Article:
Delayed verbal reactions are specifically impaired in patients with schizophrenia

Paolo Pinelli, Fiorenzo Ceriani, Roberto Colombo, Carlo Pasetti, Maurizio Terazzi, Giorgio Castignoli

Research output: Contribution to journalArticlepeer-review


Recent neuropsychological, psychophysiological and neuroimaging studies have shown that specific changes in attention and information processes occur in schizophrenic disorders. A verbal delayed reaction methodology, determined by our group since 1992, has provided similar quantitative data. Visual verbal stimuli, occurring in random sequence, are presented to the subject who is requested to utter immediately the perceived word in a first trial; in a second one, a delay (foreperiod) between the word presentation and a 'go' signal (eight asterisks) is interposed. Acousticograms and orbicularis oris EMG are recorded as responses. The ratio of the 1.5-s foreperiod delayed reaction time to the immediate reaction time reveals a facilitation of the executive system occurring during sustained purposeful attention, a characteristic function of the prefrontal cortex. A further ratio, with a 0.1-s foreperiod, has been measured to investigate the effect of interference processes. These trials have been performed including 18 patients with schizophrenia, 31 with idiopathic Parkinson's disease, four patients with extrapyramidal degenerative diseases, five affected by obsessive compulsive disorder and in age-matched normal controls. Both ratios were significantly increased in schizophrenic patients and, on the contrary, decreased in patients with obsessive-compulsive disorder. These changes are in agreement with the neuroimaging findings of 'hypofrontality' in the schizophrenic patients. Verbal delayed reaction methodology seems a reliable and easily applicable tool for investigating sustained purposeful attention processes in clinical conditions. (C) 2000 Elsevier Science B.V.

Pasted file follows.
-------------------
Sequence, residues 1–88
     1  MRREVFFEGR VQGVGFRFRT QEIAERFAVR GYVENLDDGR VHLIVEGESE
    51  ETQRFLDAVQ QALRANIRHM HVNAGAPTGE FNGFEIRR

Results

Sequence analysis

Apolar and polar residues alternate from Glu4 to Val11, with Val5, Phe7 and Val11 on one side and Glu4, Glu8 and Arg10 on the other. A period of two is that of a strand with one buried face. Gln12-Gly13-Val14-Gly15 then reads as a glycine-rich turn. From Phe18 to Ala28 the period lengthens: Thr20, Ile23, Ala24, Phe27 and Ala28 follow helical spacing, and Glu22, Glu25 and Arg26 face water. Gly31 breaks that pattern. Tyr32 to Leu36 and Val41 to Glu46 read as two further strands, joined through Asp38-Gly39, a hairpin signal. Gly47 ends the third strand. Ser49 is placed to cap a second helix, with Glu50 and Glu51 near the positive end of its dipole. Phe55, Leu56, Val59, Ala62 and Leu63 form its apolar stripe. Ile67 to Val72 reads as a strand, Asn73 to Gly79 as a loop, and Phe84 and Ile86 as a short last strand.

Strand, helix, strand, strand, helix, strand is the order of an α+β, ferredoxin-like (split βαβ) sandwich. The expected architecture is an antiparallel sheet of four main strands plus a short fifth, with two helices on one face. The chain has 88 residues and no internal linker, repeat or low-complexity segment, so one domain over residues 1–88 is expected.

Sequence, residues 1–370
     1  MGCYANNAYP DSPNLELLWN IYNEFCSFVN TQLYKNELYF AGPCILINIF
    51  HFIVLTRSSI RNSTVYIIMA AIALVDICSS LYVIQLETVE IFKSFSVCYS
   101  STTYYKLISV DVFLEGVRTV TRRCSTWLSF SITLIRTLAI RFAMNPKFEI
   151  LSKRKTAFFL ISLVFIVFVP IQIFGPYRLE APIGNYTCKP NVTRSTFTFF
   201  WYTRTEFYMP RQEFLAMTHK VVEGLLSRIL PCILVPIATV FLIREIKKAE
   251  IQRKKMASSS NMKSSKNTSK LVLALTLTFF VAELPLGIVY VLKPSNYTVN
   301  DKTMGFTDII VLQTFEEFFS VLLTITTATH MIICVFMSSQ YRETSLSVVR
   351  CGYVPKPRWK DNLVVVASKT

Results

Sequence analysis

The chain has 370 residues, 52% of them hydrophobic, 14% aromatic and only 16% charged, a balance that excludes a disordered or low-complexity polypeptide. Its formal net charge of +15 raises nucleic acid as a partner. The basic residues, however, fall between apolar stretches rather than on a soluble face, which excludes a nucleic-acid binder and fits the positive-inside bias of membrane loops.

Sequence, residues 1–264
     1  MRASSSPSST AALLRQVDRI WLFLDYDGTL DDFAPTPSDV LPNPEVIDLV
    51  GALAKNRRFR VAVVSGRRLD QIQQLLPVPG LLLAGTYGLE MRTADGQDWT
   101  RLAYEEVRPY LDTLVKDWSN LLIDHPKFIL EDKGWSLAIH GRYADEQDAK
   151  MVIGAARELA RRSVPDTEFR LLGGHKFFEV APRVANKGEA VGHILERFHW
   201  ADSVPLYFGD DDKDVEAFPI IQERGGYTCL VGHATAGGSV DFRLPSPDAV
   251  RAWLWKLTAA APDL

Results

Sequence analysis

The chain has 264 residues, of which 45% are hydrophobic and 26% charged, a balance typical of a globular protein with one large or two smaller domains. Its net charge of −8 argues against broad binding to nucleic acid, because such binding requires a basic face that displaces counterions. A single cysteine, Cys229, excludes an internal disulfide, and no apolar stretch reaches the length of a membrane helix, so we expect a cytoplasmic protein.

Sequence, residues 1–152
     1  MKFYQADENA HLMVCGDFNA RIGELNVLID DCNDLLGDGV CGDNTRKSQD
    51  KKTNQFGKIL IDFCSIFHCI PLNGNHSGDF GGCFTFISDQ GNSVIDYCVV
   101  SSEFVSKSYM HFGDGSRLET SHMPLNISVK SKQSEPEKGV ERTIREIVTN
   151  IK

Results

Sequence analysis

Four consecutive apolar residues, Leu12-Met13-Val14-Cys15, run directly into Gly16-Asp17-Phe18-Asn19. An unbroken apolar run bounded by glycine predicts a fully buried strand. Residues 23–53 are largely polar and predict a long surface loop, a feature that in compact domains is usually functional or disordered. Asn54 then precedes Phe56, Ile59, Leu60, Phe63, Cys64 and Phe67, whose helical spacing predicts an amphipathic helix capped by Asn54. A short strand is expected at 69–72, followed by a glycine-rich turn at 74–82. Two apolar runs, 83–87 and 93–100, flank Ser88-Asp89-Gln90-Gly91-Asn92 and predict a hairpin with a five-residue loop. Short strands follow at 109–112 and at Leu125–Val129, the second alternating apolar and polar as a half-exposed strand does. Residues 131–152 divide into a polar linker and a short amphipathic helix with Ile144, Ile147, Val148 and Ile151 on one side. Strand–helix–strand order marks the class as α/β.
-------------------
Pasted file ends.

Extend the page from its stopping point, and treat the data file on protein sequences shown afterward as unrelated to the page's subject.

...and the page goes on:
Original languageEnglish
Pages (from-to)163-175
Number of pages13
JournalInternational Journal of Psychophysiology
Issue number2
Publication statusPublished - Aug 1 2000


  • Delayed reactions
  • Obsessive compulsory disorder
  • Parkinson's disease
  • Reaction times
  • Schizophrenia
  • Verbal reactions

ASJC Scopus subject areas

  • Behavioral Neuroscience


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